There was a very interesting opinion article in last Sunday’s New York Times (“How to Think Your Way Into Religious Belief” 8/15/21). It was written by Ross Douthat, who has had a column in the Op-Ed section of the Times since 2009, and has on occasion used that space to write about religion. Douthat is Catholic, and his writings demonstrate a broad interest in religious belief, in particular the wide-ranging religious habits of Christians in the United States and the growing number of the disaffiliated who are “spiritual but not religious.” In his column, Douthat speaks to those readers who are drawn to some aspects of religion and spirituality but who balk at accepting the existence of the supernatural. To these, Douthat gives the following advice: “Instead of starting by praying or practicing in defiance of the intellect, you could start by questioning the assumption that it’s really so difficult, so impossible, to credit ideas of God and accounts of supernatural happenings.”
We’ve all heard the stories about kids going off to college and having the unfortunate experience of atheist professors deconstructing their faith, leaving them to doubt and even reject what previously they had accepted as true. In his column, Douthat attempts to turn the tables by inviting non-believers to question the foundations of the materialist world view that they take for granted, and which he argues requires a similar leap of faith. Referring to the philosophical positions of atheists who essentially argue that “religious faith prevents believers from seeing the world clearly,” Douthat poses the provocative question: “What if atheism is actually the prejudice held against the evidence?” In other words, the categorical refusal to consider the possibility that God exists might actually restrict the atheist’s own ability to accurately perceive the fullness of reality.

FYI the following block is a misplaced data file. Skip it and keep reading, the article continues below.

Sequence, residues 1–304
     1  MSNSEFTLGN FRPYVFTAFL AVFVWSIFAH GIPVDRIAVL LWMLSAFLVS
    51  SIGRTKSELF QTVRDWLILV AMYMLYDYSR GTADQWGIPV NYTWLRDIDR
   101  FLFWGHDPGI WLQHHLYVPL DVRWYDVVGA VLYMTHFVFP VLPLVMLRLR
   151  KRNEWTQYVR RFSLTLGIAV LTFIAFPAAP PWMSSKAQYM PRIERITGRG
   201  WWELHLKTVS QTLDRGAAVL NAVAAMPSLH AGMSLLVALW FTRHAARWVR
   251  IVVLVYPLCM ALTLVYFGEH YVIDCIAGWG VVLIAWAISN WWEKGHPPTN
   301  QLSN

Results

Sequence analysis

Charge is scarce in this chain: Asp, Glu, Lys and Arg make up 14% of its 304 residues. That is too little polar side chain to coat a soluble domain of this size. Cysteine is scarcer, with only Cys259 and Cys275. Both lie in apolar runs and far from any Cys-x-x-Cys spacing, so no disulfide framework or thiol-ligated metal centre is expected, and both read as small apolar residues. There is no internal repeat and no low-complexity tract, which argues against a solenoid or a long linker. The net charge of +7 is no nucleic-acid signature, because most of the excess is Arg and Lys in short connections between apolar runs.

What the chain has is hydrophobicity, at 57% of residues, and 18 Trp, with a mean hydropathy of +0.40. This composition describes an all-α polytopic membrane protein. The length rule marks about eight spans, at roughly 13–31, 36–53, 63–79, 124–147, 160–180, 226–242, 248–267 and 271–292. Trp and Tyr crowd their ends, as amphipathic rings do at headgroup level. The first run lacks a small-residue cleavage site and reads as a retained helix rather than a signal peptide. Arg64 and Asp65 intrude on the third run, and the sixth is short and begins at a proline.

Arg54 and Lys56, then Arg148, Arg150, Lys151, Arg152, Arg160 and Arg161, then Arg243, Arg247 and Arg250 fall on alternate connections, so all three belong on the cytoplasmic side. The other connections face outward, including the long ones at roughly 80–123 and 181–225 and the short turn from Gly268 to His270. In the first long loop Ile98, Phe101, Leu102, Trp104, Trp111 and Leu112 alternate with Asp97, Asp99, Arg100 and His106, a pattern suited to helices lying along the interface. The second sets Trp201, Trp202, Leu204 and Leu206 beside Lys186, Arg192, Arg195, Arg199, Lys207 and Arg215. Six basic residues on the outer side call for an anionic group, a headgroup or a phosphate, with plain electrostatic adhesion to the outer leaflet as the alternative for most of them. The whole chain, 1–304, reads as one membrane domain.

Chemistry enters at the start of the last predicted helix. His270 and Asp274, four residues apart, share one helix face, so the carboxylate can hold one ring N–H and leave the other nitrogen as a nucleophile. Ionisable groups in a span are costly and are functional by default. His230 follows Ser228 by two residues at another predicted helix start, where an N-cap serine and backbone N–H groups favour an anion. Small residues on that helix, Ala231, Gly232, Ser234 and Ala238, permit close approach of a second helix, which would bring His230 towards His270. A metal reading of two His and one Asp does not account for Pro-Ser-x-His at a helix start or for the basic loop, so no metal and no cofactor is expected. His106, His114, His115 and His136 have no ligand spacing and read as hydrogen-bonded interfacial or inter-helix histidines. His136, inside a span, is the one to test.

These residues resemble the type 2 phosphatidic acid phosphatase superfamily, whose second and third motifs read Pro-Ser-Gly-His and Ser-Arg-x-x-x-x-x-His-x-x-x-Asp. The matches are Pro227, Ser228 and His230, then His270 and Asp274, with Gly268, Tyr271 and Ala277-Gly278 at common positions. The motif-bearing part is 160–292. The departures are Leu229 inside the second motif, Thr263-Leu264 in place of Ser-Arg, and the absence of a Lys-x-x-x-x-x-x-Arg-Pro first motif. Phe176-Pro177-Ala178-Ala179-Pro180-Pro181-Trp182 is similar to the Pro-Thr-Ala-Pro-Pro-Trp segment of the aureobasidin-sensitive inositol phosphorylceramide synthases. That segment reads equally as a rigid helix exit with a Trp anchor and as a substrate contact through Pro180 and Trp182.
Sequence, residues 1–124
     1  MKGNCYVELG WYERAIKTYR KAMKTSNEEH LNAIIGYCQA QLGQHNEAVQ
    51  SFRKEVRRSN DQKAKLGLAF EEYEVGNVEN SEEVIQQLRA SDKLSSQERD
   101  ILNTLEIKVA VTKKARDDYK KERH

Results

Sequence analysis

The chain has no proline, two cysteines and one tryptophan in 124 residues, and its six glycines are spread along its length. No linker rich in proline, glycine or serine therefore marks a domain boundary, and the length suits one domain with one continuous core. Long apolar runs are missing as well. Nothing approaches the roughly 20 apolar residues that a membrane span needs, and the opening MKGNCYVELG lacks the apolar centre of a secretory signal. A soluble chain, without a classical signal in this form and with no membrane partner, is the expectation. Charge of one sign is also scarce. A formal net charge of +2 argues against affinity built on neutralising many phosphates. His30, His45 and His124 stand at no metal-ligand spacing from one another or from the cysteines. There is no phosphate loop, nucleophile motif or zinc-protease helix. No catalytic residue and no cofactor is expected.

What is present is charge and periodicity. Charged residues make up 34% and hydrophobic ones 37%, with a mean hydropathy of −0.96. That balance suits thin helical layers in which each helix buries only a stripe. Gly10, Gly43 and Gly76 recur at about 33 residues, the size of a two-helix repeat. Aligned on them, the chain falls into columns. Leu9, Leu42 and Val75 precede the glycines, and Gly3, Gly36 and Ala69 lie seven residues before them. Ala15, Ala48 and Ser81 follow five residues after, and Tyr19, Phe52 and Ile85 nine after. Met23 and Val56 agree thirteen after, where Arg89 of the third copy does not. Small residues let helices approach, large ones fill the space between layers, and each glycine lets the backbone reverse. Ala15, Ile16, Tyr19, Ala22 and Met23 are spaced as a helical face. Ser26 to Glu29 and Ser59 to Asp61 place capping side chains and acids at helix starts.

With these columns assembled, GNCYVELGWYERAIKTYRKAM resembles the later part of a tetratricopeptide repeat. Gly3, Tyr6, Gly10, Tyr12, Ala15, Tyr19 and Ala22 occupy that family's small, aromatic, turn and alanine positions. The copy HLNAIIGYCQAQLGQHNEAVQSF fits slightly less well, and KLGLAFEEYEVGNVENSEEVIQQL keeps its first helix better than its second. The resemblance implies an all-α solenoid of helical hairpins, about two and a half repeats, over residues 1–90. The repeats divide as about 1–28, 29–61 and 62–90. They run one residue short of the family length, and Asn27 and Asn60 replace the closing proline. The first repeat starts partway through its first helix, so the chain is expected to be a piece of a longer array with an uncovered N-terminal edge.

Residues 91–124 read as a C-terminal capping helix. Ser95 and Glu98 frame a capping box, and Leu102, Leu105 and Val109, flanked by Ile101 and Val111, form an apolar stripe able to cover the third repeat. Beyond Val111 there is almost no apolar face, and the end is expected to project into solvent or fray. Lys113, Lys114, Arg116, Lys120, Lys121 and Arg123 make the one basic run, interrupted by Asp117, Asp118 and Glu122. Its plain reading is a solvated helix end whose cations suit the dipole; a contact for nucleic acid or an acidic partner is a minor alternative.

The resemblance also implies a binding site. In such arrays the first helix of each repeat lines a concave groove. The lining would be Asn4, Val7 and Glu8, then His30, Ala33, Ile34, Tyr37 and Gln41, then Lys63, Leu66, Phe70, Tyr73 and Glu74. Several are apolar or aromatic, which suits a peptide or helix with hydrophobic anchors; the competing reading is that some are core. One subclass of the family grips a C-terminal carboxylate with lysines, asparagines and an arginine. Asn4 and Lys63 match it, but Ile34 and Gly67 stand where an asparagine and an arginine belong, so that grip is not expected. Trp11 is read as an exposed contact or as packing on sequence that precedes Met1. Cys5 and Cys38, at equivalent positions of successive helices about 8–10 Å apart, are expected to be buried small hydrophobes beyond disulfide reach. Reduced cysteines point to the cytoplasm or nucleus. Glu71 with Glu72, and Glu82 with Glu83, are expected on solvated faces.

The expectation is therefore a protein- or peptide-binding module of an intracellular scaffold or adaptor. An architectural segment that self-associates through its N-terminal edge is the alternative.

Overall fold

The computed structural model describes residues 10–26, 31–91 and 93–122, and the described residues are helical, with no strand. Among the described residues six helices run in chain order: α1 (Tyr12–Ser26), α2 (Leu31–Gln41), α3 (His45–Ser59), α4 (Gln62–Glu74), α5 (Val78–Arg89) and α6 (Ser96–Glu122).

Douthat readily concedes that advances in scientific knowledge over the past 500 years have forced believers to rethink some previously-held ideas. But, he argues, “there are also important ways in which the progress of science and the experience of modernity have strengthened the reasons to entertain the idea of God.” He points to the challenges that the experience of human consciousness and “the strange fittedness of our universe to human life” pose to materialism. To accommodate their materialist worldview, some posit theories that consciousness is just an illusion, and that we just happen to be living in one of the privileged worlds that make up the “multiverse of infinite realities.” This, however, requires no less a leap of faith than does belief in an intelligent mind that created all things, including human beings who have rational minds that can discern the order of the universe, apply our own powers of creativity to it, and wonder at its beauty. Douthat also points to the interesting fact that while people are becoming less religious, they are not necessarily becoming materialists. “You can read about ghosts in The London Review of Books and Elle magazine; you can find accounts of bizarre psychic phenomena in the pages of The New Yorker.” Are these simply misinterpretations of material reality? Or do they somehow correspond to real experiences of the supernatural?
Douthat acknowledges that none of this is proof of the truth of Catholicism, or Buddhism, or any other particular religion. Rather it is an attempt at breaking the spell that atheistic materialism has cast on the modern imagination. Once that happens, more people will be free to take seriously the great questions of truth and meaning, and whether it just might be the case that God exists, that He created all things, and that maybe, just maybe, He knows and loves us.